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Putting Books to Work: WANT TO GO PRIVATE?

by Judith A. Hayn, Karina R. Clemmons & Heather Olvey
 | Dec 03, 2013

WANT TO GO PRIVATE? (Scholastic, 2011)
By Sarah Darer Littman
Grades 7 through 12

Putting Books to Work: Want to Go Private?Abby is a seemingly typical 14-year-old girl whose story begins as she discusses her fears about starting high school the next day with her best friend, Faith. Faith, however, is excited about this next step in their lives and she embraces high school and new friends with enthusiasm, leaving Abby to feel more and more isolated. Add to the mix parents who don’t understand and an annoying popular little sister, and you have the perfect set-up for an insecure teen to look elsewhere for validation. And look elsewhere she does. She innocently runs into an avatar in a teen chat room who tells her his name is Luke.

Despite Faith’s warnings and her own apprehension about breaking basic Internet safety rules, she quickly reveals more and more about herself to this stranger. As Luke continually agrees with and compliments Abby, she feels closer to him, which enables her to justify doing things that she knows she shouldn’t. Thanks to Luke’s careful grooming Abby convinces herself that Luke is the only person who cares about her, and before long she is head-over-heals in love with him. Abby decides to meet Luke, thus changing her first-person narrative of the story to the points of view of other characters desperately searching for Abby when she disappears.

In the second part of the book the readers see how those around Abby judge her actions as they come to realize that Abby is not just missing, but she voluntarily left with an Internet stranger. Since Abby is a smart girl no one can understand why she would break every common sense safety rule. Will Abby be found, and if so, will she ever feel normal again? This is a gritty and disturbing book that leaves the reader wondering why so many of Abby’s behavior changes did not cause more reaction from her parents, teachers, and friends before it got to the point of no return. Reading this book will educate teens about how critically important online privacy is. The book’s vital message also begs parents and teachers to take a more active role in teaching Internet safety to their children/students, as well as making adults aware of their roles in noticing the children around them and paying attention to dramatic changes in behavior.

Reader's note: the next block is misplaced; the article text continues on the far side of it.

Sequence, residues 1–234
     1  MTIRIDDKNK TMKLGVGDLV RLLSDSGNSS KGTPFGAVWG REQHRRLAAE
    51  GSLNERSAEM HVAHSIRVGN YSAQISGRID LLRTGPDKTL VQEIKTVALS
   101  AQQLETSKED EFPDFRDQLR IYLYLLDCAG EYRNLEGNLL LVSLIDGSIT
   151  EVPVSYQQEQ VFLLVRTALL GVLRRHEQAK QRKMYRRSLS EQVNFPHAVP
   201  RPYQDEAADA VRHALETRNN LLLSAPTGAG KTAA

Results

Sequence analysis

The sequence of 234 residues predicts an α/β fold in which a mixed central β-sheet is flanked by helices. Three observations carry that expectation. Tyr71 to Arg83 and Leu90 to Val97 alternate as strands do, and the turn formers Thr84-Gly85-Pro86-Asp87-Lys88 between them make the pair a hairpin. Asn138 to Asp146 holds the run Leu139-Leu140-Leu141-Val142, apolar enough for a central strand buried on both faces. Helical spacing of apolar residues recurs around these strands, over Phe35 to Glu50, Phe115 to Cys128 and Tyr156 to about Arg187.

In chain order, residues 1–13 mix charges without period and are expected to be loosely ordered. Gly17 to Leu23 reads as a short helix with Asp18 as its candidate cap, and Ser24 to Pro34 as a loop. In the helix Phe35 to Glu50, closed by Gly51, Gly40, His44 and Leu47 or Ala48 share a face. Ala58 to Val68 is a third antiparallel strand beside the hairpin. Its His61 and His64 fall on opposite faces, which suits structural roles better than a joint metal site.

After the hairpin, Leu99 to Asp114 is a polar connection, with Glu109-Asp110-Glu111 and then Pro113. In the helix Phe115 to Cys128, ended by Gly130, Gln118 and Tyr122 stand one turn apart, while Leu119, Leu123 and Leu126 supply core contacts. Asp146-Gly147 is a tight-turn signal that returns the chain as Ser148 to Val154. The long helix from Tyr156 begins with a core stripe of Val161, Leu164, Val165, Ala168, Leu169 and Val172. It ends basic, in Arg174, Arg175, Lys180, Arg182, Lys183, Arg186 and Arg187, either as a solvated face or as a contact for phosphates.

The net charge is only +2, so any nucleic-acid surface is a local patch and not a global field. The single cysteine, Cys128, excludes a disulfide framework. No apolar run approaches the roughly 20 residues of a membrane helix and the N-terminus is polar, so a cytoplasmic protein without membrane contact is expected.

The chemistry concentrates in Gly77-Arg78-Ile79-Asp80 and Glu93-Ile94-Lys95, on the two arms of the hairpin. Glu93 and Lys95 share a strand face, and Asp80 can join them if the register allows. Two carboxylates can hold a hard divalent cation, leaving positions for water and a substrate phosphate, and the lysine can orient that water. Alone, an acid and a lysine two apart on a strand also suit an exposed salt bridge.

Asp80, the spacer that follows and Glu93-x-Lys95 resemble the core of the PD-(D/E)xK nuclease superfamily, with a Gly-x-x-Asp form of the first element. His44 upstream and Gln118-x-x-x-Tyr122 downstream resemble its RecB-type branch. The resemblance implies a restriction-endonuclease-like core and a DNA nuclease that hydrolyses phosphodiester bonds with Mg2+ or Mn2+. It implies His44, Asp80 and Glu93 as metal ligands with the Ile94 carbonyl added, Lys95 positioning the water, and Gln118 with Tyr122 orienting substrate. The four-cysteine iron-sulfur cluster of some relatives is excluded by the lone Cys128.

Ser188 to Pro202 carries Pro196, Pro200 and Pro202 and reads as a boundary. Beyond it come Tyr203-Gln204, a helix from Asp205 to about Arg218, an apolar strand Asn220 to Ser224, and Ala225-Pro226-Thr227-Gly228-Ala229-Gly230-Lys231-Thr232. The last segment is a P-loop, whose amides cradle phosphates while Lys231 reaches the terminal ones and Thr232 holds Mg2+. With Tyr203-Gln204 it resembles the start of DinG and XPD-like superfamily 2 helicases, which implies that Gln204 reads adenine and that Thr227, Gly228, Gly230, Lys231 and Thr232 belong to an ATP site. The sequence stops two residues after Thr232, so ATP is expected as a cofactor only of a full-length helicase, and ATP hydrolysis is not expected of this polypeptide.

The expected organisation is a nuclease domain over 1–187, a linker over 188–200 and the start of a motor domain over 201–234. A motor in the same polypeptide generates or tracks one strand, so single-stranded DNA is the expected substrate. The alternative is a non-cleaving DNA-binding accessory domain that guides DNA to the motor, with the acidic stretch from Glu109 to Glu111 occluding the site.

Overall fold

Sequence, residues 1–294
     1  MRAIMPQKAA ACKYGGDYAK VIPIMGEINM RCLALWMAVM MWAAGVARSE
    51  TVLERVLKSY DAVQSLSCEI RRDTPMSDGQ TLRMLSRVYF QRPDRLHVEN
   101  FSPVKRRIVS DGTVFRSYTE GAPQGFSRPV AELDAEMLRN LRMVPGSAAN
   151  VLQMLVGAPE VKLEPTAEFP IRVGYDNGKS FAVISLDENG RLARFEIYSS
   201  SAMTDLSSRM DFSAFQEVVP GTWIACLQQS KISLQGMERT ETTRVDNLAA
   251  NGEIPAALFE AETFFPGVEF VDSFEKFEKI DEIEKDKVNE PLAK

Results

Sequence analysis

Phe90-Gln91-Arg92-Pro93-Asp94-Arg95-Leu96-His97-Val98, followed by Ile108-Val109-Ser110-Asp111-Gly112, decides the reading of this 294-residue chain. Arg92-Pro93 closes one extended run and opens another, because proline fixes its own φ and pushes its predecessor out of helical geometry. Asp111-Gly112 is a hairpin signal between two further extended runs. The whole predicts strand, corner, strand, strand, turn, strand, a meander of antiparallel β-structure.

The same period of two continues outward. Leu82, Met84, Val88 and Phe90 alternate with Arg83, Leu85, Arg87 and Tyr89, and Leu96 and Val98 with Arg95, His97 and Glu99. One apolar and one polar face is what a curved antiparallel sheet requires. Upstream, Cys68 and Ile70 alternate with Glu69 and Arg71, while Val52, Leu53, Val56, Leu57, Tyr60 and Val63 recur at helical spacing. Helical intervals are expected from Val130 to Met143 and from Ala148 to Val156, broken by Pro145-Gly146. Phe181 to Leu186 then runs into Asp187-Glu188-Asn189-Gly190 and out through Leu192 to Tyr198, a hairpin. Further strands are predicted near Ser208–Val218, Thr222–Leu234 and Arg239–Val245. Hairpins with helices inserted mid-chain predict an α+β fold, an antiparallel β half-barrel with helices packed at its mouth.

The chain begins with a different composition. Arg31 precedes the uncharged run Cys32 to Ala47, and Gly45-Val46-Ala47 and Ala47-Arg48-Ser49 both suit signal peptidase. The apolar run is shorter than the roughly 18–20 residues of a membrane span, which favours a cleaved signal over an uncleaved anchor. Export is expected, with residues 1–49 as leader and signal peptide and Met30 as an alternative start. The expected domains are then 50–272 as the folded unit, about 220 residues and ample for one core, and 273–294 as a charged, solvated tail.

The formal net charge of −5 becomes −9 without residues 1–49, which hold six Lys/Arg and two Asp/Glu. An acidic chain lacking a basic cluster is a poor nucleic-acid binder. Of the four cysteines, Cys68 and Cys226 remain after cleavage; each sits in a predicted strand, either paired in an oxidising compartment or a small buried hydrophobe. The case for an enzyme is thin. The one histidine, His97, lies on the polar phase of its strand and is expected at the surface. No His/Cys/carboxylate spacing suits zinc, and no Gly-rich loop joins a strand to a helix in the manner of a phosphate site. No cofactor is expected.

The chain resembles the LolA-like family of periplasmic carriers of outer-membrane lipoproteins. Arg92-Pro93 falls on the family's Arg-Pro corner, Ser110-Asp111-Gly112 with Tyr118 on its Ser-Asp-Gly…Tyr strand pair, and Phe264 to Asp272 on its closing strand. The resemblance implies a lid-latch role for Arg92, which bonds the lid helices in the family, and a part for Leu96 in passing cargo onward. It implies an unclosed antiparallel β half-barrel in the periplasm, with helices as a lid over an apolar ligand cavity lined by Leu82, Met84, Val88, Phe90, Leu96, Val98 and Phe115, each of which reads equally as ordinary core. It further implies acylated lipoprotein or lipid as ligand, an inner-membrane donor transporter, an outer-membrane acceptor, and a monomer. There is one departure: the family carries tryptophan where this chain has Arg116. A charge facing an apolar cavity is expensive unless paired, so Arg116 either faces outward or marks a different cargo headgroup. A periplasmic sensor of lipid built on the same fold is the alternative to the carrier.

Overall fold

Note: There are some scenes that are sexually explicit and may be emotionally difficult to read, so we would like to offer a word of caution for younger readers.  

Cross-curricular Connections: English Language Arts, Health, Technology

Ideas for Classroom Use:

Creating Tables Outlining Abby’s Safety Risks

Assign students to small groups of two to three. In their groups, students should discuss their individual reading notes and compile a two-column data table (template provided below). On one side of the table, students should list at least three of Abby’s safety risks in her online chats with Luke, the acquaintance she has befriended online. For each corresponding risk listed on the left side of the table, students should list possible ways Abby could avoid those risks on the right side of the table. If the computer lab has been scheduled, students can use presentation software such as Microsoft PowerPoint or Prezi (available at to create their charts to present to the class. After students have finished their charts in their groups, display all the tables for the class to see. Discuss student contributions as a class. After the class discussion, each group should add at least one more row to their charts.

Abby’s health and safety risks in online chats with Luke Possible ways Abby could avoid the stated risk
Abby tells Luke her real name.
Use a non-identifying screen name only and don’t tell online contacts your real name.



Rewriting Chat Transcripts